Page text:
Sexual assault is a category A felony. The potential punishment depends on whether or not the assault resulted in substantial bodily harm.
Sexual Assault Without Substantial Bodily Harm
If the assault did not result in any substantial bodily harm, then the penalty is life in prison with the possibility of parole once a minimum of 10 years of the sentence has been served.
Sexual Assault With Substantial Bodily Harm
If the assault caused substantial bodily harm, then the penalty can either be life in prison without the possibility of parole or life with the possibility of parole once a minimum of 15 years of the sentence has been served.
Some of the most common defenses to sexual assault include the following:
Insufficient Evidence and the Related Issue of False Accusations
Simply stated, evidence is insufficient when there is not enough evidence or proof to show what really occurred in a given situation. The law requires that a person be found guilty beyond a reasonable doubt, which means that the prosecution must have sufficient evidence to prove what actually occurred to the jury to the extent that there is no reasonable doubt left in any single juror's mind. This standard exists for a good reason, which is to protect the rights of the accused.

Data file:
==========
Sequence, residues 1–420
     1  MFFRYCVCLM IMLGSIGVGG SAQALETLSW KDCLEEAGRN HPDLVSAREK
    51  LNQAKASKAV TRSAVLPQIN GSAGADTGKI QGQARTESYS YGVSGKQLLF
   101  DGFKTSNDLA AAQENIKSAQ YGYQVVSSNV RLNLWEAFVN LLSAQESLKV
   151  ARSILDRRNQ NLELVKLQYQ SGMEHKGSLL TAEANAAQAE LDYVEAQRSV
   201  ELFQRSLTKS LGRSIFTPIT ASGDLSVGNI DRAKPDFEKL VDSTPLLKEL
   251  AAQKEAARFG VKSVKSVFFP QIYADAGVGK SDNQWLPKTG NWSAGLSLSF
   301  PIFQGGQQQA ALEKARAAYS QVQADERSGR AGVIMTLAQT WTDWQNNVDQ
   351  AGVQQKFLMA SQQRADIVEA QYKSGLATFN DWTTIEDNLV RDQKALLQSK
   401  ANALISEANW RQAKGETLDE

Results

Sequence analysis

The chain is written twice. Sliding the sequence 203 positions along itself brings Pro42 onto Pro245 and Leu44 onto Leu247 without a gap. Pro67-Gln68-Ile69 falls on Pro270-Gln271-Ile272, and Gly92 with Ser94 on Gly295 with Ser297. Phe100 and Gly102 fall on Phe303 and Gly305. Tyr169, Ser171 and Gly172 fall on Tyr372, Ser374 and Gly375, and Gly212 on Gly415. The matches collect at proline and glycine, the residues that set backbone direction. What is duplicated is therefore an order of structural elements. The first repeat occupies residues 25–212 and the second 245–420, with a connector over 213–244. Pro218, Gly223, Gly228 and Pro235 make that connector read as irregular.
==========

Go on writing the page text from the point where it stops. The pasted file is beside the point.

The sufficiency of the evidence will always be a concern in cases where there are no witnesses, no video or audio of the alleged incident, and where the alleged victim does not suffer any physical injuries. In such instances it can be difficult trying to balance the rights of the victim with the rights of the accused.
On the one hand, victims need to have a voice and be believed without having to further "prove" a sexual assault beyond their word. Oftentimes victims are alone with a perpetrator when the sexual assault occurs, so how else can they prove the assault occurred but by testifying as such? Imagine if Nevada law required additional evidence to substantiate victims' claims of sexual assault. Such a law would have the effect of silencing victims and telling perpetrators that what they were doing was only really illegal if they were careless enough to commit the assault in front of witnesses or leave visible physical injuries. Clearly that doesn't produce a fair and just result.